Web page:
Everyday Activism: Strategies and Practices in a Multi-Platform Media Landscape
2014 (English)Conference paper, Presentation (Refereed)
Ever-since its early introduction into Western societies, in mid 1990s, the Internet has spurred public as well as academic debate regarding its potential political implications. These debates have touched upon areas as wide as the Internet’s abilities to revitalize public spheres, its potential to stimulate civic participation among young people, and analysed ways in which it might help to reshape our sense of civic identity. With the advent of the so-called web 2.0, which also has been notoriously connected to the notion “social media”, specific interest has been brought to analyse how the new, even more interactive and user-friendly web has created opportunities for political (and cultural) participation. This latter phase of research includes various analyses of the political significance of social media applications, such as weblogs, Twitter and Facebook. One strand of research has looked into how established political actors make use of the web’s new, more participatory features (for instance on Facebook) as part of their political ambitions. Another thread has paid interest in political implications of online participatory activities on various web venues: How does Twitter impact political debate? Yet other projects have tried to shed light on how social media-applications are brought to use in times of social upheaval and within protest movements. This paper, however, approaches the political implications of web 2.0 and social media from a very different point of both empirical and analytical departure. It connects with a less salient, but important strand of research that looks into everyday life appropriations of the possibilities offered by web 2.0 among citizens. More specifically, it presents and analyses data from an interview study of some twenty Swedish everyday media activists in order to gain insights into how they make use of various digital media as part of their political activism. What communicative roles are various digital applications shaped to play for these activists? It pays specific attention to what strategic “activist value” they sense in the different digital applications they make use of in everyday-life: How do activists intermingle in-between them? Our data include interviews with two sets of activists, one set aged 28-79, an average of 50 and one aged 18-35. Hence, apart from offering insights into everyday life use of digital applications for activism, the paper also offers comparisons between two different generations of media activists.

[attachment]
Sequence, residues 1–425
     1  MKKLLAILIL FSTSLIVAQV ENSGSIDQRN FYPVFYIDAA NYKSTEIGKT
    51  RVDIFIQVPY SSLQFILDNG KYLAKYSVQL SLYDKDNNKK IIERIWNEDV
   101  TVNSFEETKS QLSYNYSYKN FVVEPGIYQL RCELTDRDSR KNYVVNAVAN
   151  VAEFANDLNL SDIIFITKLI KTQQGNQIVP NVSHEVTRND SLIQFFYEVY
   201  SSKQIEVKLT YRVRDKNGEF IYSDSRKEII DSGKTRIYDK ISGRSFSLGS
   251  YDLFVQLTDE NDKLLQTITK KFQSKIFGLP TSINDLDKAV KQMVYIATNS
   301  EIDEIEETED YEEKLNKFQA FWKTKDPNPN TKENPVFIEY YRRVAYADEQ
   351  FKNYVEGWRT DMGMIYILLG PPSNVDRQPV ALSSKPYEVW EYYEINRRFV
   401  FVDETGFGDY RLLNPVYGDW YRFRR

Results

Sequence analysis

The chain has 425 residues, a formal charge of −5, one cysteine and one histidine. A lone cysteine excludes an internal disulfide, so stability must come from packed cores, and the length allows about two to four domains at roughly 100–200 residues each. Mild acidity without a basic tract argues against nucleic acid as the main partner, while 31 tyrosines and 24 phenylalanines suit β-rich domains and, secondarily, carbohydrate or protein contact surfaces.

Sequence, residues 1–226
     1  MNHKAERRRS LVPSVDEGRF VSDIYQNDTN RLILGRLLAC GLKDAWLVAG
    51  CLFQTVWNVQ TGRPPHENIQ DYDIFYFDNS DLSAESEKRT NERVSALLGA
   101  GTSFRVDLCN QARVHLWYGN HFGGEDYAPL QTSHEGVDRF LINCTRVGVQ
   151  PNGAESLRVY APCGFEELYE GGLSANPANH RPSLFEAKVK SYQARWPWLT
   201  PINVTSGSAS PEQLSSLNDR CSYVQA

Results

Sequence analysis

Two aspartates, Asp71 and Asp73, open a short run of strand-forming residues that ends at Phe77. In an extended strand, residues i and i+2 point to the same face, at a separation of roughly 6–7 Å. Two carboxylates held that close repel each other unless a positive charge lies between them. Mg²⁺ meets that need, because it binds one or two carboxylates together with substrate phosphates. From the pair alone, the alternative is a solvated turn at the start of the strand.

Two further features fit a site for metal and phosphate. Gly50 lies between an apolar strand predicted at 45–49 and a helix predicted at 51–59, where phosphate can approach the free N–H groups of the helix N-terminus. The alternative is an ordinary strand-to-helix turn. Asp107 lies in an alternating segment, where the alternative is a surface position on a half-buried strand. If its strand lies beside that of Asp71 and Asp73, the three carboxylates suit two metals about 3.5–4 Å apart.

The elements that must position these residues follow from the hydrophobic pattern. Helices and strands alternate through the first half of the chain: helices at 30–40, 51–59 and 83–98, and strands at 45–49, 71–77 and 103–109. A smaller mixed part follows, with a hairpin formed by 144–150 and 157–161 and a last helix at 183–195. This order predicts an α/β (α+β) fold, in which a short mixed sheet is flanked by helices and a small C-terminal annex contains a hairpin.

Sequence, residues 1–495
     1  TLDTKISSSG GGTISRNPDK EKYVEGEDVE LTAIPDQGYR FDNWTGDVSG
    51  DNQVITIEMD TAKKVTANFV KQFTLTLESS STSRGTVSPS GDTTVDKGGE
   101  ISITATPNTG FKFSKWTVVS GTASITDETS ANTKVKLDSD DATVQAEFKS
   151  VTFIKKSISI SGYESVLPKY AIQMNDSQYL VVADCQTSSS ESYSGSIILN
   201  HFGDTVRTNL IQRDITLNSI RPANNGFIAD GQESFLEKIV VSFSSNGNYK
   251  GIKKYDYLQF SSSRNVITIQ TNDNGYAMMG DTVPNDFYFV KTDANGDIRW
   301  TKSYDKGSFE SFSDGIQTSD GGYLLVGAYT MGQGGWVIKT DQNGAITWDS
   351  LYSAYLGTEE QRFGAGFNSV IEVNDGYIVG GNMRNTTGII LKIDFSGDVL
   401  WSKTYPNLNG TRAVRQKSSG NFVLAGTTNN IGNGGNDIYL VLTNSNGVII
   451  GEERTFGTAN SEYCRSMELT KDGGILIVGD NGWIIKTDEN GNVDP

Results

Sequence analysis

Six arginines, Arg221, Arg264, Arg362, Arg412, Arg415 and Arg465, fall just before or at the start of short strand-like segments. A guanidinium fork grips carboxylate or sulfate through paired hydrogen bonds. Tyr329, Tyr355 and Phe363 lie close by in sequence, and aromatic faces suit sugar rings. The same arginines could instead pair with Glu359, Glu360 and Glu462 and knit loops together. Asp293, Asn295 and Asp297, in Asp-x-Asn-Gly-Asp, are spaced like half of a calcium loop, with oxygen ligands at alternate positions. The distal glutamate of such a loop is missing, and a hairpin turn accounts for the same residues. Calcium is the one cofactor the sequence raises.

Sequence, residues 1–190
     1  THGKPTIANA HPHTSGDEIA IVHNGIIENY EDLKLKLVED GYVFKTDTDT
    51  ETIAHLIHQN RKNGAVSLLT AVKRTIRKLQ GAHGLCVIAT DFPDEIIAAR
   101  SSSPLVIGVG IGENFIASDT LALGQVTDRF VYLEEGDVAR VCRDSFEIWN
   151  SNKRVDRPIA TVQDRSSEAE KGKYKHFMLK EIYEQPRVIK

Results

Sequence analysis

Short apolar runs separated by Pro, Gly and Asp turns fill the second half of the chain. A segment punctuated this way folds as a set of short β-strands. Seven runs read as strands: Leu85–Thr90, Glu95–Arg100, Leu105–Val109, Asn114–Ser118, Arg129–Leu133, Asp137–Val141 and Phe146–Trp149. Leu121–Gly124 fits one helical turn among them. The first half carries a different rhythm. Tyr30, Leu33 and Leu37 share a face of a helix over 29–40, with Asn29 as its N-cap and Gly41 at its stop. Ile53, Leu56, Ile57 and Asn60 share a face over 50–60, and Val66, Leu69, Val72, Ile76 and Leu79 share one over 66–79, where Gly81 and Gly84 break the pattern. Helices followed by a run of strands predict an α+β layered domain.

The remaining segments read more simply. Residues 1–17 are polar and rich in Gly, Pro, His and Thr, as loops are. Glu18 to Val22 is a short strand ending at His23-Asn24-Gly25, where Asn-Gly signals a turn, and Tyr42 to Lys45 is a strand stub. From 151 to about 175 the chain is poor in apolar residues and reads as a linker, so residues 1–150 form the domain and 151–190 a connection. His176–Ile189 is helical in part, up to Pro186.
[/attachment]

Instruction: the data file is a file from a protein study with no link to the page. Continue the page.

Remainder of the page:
Place, publisher, year, edition, pages
Research subject Media and Communication Science.
IdentifiersURN: urn:nbn:se:ltu:diva-34210Local ID: 8581cb76-d27e-44ed-ad5c-d407925b9d22OAI: oai:DiVA.org:ltu-34210DiVA: diva2:1007460
European Communication Conference : Communication for Empowerment: Citizens, Markets, Innovations 12/11/2014 - 15/11/2014
Godkänd; 2014; 20141119 (larsof)2016-09-302016-09-30Bibliographically approved